Roofstock vs. turnkey companies: A head-to-head comparison

The word “turnkey” implies that an investor can buy a rental property and generate income with little effort. But, as the saying goes, there’s no such thing as a free lunch. This article will discuss whether there really is such a thing as turnkey rental property and explain how Roofstock is different from turnkey real estate companies.


Key takeaways

  • The word “turnkey” suggests all an investor has to do is turn the key to start generating income, but owning rental property always requires some time and effort.
  • Some turnkey real estate companies overpromise and underdeliver by buying homes and flipping them to their customers or locking investors into a property management contract.
  • Roofstock provides investors with freedom of choice, certified single-family rental (SFR) homes, and industry-leading guarantees.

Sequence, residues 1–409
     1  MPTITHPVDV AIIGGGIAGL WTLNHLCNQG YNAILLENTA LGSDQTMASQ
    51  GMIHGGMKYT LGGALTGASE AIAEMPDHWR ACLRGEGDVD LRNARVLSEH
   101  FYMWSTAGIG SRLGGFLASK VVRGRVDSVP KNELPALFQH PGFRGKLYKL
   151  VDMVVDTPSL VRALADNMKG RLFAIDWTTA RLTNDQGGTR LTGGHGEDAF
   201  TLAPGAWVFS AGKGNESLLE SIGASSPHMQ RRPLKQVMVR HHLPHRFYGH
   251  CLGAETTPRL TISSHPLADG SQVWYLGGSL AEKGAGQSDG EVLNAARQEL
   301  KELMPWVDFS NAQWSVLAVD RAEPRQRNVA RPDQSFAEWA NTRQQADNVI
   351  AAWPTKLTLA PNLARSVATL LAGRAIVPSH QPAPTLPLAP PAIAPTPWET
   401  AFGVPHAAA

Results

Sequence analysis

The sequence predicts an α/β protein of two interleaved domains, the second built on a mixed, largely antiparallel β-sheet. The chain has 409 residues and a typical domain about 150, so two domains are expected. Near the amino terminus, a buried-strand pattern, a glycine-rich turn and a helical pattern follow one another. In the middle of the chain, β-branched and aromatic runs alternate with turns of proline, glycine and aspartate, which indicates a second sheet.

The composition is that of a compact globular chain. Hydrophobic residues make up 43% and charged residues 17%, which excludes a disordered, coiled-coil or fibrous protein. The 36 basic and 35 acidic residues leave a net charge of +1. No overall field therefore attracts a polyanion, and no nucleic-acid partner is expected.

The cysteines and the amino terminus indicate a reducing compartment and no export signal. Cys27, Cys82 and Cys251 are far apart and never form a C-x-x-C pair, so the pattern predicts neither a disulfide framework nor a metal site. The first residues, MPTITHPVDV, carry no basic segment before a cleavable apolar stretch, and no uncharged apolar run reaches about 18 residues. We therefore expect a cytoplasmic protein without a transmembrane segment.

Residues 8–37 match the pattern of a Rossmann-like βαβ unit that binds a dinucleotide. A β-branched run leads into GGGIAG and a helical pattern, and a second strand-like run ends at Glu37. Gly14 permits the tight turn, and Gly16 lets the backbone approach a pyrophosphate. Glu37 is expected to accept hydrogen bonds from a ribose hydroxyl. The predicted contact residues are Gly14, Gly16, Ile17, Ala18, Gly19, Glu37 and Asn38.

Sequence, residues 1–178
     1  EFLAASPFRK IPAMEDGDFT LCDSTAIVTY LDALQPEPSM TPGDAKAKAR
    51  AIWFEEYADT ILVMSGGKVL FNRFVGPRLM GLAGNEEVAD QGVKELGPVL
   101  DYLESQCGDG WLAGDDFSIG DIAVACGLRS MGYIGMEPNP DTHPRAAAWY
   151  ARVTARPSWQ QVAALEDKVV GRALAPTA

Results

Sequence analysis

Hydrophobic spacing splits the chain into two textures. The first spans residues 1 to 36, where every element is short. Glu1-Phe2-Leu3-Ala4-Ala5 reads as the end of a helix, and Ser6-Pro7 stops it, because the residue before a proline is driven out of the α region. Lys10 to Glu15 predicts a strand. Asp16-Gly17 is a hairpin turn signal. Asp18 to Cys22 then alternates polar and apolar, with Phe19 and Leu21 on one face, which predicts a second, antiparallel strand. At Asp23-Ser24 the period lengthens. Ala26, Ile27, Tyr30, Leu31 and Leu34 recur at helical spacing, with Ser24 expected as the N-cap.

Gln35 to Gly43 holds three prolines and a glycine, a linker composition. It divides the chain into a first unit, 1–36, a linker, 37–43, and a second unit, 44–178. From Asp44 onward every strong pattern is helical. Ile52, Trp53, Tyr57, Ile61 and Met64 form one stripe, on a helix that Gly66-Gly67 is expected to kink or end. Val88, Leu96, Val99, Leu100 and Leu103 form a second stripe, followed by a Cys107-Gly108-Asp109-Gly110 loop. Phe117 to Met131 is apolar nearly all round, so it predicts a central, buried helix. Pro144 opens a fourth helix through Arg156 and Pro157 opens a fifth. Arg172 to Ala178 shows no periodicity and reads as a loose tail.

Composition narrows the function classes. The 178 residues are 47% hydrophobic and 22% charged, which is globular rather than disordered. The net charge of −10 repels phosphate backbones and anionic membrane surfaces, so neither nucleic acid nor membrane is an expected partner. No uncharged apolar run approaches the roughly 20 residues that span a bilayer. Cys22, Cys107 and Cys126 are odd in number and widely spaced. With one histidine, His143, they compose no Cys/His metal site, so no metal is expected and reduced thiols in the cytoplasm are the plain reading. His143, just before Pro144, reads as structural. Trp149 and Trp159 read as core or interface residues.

What does “turnkey real estate” mean?

The word “turnkey” in real estate means that the property is ready to move into, with appliances in working condition and no obvious structural or electrical issues. Sometimes, turnkey can mean that the house is already occupied by a qualified tenant paying their monthly rent. 

However, although turnkey homes are not fixer-uppers, they may nonetheless require some cosmetic upgrades or refreshing.

Rent-ready homes may already have a qualified tenant in place, like many of the homes listed for sale on the Roofstock Marketplace, and buyers can request referrals to local property managers as an alternative to self-managing the property. 

Managing a rental property is a vital part of investing in real estate. Repairs will need to be made to maintain the property’s value, provide a safe and habitable home for a tenant, and to generate a fair market rent to help maximize return on investment.

 

family moving into house